Thursday, October 23, 2008

October Marathon Surprise, Part 1

Who: VN Publisher/Editor in Chief Joseph Connelly
What: The 33rd Annual Marine Corps Marathon
Where: Arlington, Va., and Washington, DC
When: October 24–26, 2008
Why: To prove I get enough protein

The Scoop: In an amusing attempt to relive history while recapturing my youth, last April I somewhat-secretly began training for the 33rd Annual Marine Corps Marathon. Now, you may wonder, why would a vegan magazine publisher feel compelled to participate in such foolishness? One reason was to celebrate the 10th anniversary of my running the 23rd Marine Corps Marathon on Oct. 25, 1998. Here I am back then, post race:


A second motive could be to visit the East Coast during peak fall foliage season, combine it with a few business ventures, blog about it, and, in effect, reward myself with a (nearly) all-expenses-paid working vacation. A third excuse, well, sometimes I can be a little bit crazy. Don’t argue with me. Besides, pushing oneself is a good character-builder. So I’ve heard.

My venture was so well-thought-out that even the trek to the airport on getaway day was combined with a trip to pick up the latest stash of the famous oversized VegNews tote bags, just in time for your holiday shopping. Get them before they sell out!

The flight to Washington was uneventful, though made luxurious with exit-row accommodations and an empty seat beside me. After “renting” a half-dozen bottles of water, near the end of the trip the gentleman sitting in my row put two-and-too-many-trips-to-the-restroom together and asked, “You’re hydrating for the marathon Sunday, aren’t you?” Sherlock Holmes at 30,000 feet.

I chose an Ethiopian place near my hotel for Friday night's meal so I could carbo-load on tasty, fermented-teff injera bread. The place wasn’t veg and the food was only so-so—certainly nothing compared to my meal earlier this year in Minneapolis' Kilimanjaro Cafe—so I’m not gonna mention it.

Saturday I took it easy, venturing into DC to visit the pre-race Health and Fitness Expo, pick up my race number and timing strip, and find a hat to wear—one which would cover the solar panel I’ve had installed on the top of my noggin. This is where I found the adorably named “Gas Cap,” a lovely product from a little Colorado-based start-up that combines the best of head gear with the utility of the fuel belt you may have glimpsed many newbie runners wearing on their weekend training runs when you are out picking up fresh tofu for the kids on Saturday morning.
The Gas Cap is kinda like peanut butter and chocolate. Both are good, but together, well, now we’re talking. The hat has eight “pockets” into which you can stash those sport gels that are supposed to give you energy. I’m sure it makes for a pretty picture; thankfully, I don’t have one. Our friends over at Clif Bar make a version of the gels appropriately named the “Clif Shot” that I like 'cause, you guessed it: they're vegan, contain no crap, and taste good. Just like me.

Race morning I awoke at 5 am (2 am Pacific Time), though I really didn’t sleep much at all. For race support I enlisted Compassion Over Killing’s Maven of Outreach Noelle Callahan, figuring and wishing that if I needed to be killed at any point during the 26.219 miles, she would do so with compassion. I did; she didn’t.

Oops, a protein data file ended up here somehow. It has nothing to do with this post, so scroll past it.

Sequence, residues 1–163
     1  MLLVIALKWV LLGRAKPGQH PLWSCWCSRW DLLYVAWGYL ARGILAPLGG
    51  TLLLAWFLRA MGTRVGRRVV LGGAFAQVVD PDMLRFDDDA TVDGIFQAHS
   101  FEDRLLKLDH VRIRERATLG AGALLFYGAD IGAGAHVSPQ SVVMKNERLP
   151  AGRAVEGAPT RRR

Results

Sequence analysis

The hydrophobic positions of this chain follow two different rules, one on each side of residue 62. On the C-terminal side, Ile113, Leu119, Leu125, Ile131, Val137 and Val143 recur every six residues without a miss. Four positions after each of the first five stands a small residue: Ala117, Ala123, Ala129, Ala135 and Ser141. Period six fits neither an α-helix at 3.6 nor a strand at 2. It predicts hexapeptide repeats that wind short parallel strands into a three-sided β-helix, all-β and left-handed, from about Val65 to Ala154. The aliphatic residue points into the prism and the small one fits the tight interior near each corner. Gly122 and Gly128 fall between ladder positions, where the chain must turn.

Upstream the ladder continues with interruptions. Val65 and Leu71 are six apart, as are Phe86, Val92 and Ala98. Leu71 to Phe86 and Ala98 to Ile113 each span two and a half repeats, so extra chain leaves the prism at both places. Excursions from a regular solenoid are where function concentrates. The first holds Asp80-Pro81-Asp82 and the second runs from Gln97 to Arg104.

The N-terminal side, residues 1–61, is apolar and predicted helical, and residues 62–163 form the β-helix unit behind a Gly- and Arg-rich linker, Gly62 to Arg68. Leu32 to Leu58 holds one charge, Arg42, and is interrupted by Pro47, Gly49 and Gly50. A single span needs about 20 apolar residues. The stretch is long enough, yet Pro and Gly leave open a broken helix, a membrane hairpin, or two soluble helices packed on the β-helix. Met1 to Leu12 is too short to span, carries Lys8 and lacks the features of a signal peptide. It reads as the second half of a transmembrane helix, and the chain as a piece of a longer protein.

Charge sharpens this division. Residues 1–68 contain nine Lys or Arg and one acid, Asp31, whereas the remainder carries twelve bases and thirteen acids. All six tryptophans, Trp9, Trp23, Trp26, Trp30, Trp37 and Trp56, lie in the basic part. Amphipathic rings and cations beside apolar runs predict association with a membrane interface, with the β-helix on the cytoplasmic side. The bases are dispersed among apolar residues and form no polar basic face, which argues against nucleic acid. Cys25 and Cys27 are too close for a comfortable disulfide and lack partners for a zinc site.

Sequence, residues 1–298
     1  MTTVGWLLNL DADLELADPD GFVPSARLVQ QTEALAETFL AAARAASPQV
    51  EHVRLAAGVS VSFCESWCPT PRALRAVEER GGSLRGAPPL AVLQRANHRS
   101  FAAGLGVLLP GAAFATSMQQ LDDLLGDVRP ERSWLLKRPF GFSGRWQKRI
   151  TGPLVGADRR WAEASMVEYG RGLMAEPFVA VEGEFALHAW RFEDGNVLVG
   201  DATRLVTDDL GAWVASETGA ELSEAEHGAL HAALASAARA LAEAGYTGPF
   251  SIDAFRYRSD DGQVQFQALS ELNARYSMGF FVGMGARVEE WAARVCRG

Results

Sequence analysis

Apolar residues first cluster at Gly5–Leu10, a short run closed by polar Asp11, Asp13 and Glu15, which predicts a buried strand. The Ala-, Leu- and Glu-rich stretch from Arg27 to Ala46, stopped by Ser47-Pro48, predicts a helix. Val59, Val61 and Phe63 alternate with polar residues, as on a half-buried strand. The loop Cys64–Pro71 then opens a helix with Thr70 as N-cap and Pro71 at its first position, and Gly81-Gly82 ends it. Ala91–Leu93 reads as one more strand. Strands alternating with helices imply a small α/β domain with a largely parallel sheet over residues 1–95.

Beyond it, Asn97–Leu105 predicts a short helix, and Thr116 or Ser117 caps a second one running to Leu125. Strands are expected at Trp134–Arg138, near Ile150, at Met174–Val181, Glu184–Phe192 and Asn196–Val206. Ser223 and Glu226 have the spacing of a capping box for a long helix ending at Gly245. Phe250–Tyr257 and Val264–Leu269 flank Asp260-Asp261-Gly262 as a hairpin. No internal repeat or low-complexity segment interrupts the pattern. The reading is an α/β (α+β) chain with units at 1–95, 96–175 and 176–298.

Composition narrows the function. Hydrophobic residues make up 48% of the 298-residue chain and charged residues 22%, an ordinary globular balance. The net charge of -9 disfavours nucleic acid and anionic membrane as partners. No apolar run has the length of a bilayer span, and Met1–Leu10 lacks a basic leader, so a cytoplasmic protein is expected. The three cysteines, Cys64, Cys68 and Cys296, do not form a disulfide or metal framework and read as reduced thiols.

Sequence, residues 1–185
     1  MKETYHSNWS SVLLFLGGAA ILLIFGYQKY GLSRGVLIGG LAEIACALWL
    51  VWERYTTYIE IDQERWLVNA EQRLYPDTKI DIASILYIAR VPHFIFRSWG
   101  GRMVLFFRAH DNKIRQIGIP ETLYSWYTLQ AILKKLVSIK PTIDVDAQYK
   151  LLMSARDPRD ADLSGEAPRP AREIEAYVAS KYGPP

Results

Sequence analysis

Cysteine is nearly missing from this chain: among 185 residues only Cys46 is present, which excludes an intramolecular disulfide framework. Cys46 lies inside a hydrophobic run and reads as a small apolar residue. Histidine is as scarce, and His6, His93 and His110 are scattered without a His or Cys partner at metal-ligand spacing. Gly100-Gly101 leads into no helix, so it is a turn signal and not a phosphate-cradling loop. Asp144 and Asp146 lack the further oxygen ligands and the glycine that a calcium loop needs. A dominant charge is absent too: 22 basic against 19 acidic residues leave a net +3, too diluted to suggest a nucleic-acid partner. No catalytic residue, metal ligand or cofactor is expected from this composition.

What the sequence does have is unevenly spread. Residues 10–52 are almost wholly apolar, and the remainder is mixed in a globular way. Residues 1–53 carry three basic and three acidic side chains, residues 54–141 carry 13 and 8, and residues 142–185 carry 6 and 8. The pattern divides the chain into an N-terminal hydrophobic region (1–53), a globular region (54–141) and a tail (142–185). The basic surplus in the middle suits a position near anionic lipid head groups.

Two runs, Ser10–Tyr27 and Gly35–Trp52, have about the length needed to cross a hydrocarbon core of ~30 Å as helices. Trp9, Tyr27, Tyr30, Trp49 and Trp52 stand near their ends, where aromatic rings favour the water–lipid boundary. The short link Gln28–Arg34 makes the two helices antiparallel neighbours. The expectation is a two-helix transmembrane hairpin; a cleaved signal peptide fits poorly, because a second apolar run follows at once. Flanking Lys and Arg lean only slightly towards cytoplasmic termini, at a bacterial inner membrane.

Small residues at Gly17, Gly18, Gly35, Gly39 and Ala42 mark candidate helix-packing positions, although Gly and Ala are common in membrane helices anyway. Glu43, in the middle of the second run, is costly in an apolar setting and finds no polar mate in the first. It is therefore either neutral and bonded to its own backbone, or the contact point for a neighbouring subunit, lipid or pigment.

I won’t bore you with my mile-by-mile commentary; suffice it to say that I started out OK then got progressively slower and slower as the day dragged on. Just like life. But I did finish. I wasn’t as fast as 1998, but hey, I’m ten years older. Here's the proof:


And then the real fun began.

After crossing the finish line I was overcome with emotion—and tightening calves. I stopped to stretch along the temporary fence, which then moved. I adjusted, then the fence moved again. Next thing I know the guy next to me falls into the fence a third time, passes out, and smashes face first onto the pavement. Since my name is Joe, not Peter, I couldn’t deny this poor wretch three times, so I tapped the Marine next to me (hey, that’s what they’re there for) who started yelling, “Medic! Medic!” Within seconds four other Marines were carrying the guy away on a stretcher, which I have to admit at that particular moment looked like a heck of a lot more appealing mode of transportation. I asked one of them if I could hitch a ride. He actually cracked a smile.

After walking around a bit and finding Noelle near the Iwo Jima Memorial (yes, this race begins and ends in Arlington National Cemetery, which is why it is often affectionately referred to as the Marine Corpse Marathon), I had the misfortune of sitting down under a tree. Big mistake. Within seconds, my right calf muscle tightened into a pain I can only describe as someone sticking a knife into me and repeatedly twisting it. I started screaming (I’m obviously a big baby), and out of nowhere a woman I’d never met grabs my leg and begins massaging it. I began thinking of all the other places that hurt when a second woman ran over, pushed her out of the way, shouting, “I’m a nurse!” and started to stretch my leg. Nurse Helen to the rescue.

I couldn’t move for two hours and missed out on the bagels and post-race BoDeans concert. But I did hobble over to the free massage tent and am happy to report that today I can walk once more.

So all you potential marathoners out there, reach for your dreams. And make sure you stretch.

Tomorrow: Amtrak, “The Daily Show,” plus a visit to NYC’s fabulous Pure Food and Wine.

2 comments:

Bradley Saul said...

Joe, that stache from '98 is hot.

ironvegan said...

you dominate. i tried to do a half marathon a few years ago and almost died. love the magazine.